Toby and Teddy are finally at an age where I feel like I can tackle them super comfortably in public on my own and so when we were invited to go and watch Dinosaur World Live I jumped at the opportunity, despite knowing Jamie would be away and I’d be left to take them by myself.
Our local Corn Exchange is a really lovely theatre with lots happening throughout the year. However, they don’t have that much running for kids compared to some theatres though, which is a bit disappointing.
We arrived at the Corn Exchange and went to the reservation desk where I collected our Dinosaur World Live tickets, were told which door to head through and made our way across the lobby. Just outside one of the entrances there was a stand selling merchandise but it was absolutely rammed that you couldn’t even see what was out to buy. This usually happens with most shows!
The boys and I found our seats and we were well into the crowd. There was around 10 minutes left before the show began; the theatre filled up incredibly quickly in those 10 minutes and both of the boys kept asking how long it would be before the show started. There were banners hanging on each side of the stage and there were props which were already laid out upon the stage; a few wooden crates, warning signs and a incubation light on the left hand side. There was also some good lighting and smoke setting the scene before it had begun.
Suddenly, the presenter appeared and she told us a back story of how she, her parents and several other people had ended up on an island where dinosaurs still lived and how they had been studying and caring for them. She was incredibly enthusiastic and had the children engaged from the offset which was really good. I’d say there was quite a range of ages in the room; fairly young children right through to pre-teens (the show is recommended for those aged 3+).
After carrying on the story she asked if we would like to meet any of these dinosaurs and, of course, the children were squealing with anticipation at this point. Over the course of the next 40 minutes there were 6 dinosaurs which came out.
They appeared life sized and were controlled by adults who controlled their every movement and who even made the noises. The focus was away from them because they were dressed in black outfits and the dinosaurs were utterly breathtaking and life like that you wouldn’t have been looking at them anyway. The dinosaurs are wonderfully made puppets, even though they seem so much more than that and a few children were selected to go on stage to be involved with feeding, stroking and even walking a dinosaur.
The show stopping bit has to be the huge T-rex at the end which came out along with more smoke effects, lighting and dramatic sounds. The boys absolutely loved it and their faces were an absolute picture (which I didn’t manage to capture too well in the dim light).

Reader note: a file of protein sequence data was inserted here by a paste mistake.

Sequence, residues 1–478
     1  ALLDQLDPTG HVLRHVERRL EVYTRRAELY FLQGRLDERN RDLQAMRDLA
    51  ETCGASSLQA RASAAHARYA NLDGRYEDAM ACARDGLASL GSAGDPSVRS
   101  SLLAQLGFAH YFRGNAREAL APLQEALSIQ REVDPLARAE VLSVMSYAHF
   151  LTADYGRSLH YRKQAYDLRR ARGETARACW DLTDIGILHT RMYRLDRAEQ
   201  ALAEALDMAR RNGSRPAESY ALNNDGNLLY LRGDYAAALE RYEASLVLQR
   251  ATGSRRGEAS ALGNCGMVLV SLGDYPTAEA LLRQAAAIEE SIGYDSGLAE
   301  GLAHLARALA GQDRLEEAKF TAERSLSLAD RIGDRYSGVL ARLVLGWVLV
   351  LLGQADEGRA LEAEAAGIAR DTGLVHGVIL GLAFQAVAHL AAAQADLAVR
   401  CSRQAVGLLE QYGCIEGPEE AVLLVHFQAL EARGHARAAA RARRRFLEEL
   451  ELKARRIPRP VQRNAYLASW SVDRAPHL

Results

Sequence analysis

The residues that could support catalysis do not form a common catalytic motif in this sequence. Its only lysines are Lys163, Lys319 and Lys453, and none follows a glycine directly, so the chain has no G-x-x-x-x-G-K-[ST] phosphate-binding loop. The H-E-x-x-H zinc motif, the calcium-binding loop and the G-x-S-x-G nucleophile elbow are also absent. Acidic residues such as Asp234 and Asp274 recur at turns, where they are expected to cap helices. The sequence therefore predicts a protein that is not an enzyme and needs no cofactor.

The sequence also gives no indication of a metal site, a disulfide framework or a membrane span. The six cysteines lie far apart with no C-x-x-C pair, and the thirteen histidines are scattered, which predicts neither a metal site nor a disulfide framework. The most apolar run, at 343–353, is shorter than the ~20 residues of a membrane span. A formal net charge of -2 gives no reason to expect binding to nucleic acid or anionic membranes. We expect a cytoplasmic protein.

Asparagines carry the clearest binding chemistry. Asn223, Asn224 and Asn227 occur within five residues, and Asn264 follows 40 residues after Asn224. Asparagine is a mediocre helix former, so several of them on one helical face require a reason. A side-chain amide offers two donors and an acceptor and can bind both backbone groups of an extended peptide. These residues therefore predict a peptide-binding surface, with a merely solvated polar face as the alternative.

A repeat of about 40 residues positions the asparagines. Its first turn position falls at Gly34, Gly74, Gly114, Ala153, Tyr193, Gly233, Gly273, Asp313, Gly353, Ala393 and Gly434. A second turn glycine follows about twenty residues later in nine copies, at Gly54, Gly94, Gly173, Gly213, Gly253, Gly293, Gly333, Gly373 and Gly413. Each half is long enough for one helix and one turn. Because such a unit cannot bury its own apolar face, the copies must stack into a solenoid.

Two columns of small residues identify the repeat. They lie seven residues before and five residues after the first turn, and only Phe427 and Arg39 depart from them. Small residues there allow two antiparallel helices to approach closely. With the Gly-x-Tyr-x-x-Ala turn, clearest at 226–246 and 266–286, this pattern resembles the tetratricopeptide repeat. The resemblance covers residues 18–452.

There’s also a running story of a dinosaur egg which is due to hatch, and which does eventually hatch at the end just as the show has finished – this was probably Teddy’s favourite bit as he still talks about the ‘mummy and baby diplodocus’ (even though it wasn’t a diplodocus).
The experience was brilliant with a great run time and it was so good to see the boys really enjoy something. Lots of the information throughout the performance was factual and even had the adults engaged, although I was mostly there to see how much the boys would love it – and they did so love it!
Things I’d Have Changed About Dinosaur World Live
Toby was absolutely devastated to not be in the running to go on stage at all. Being sat relatively far back (row S) we were bound not to be noticed, which is quite hard to explain to a 4 year old, though that didn’t stop him volunteering at every opportunity. I would have liked to have seen a little more variety in the children who were chosen as they tended to be very toward the front and quite a bit older/bigger. I understand that it might take a few more seconds to come down some stairs but it really would have been nice to have some audience inclusion beyond the first 6 or 7 rows, and for more of an age range to be selected too.
The second thing I’d change is the ‘meet and greet’ dinosaur session at the end. I mean, it was complete and utter chaos as you can expect. Having two kids on my own I was not prepared to try and contain two small children in an unmanaged queue the length of the theatre. Had they been a bit older, had an extra pair of hands and the boys weren’t trying to run off in two different directions we might’ve attempted it, but I made a swift exit and the boys were incredibly happy with their big ‘Dinosaur World Live’ stickers.
These two points are small thing in comparison to how much we enjoyed the show and it wouldn’t put me off recommending it to someone, or going to see it again ourselves!
Is Dinosaur World Live coming to a theatre near you?
*We received tickets in return for this review. All views and opinions are my own.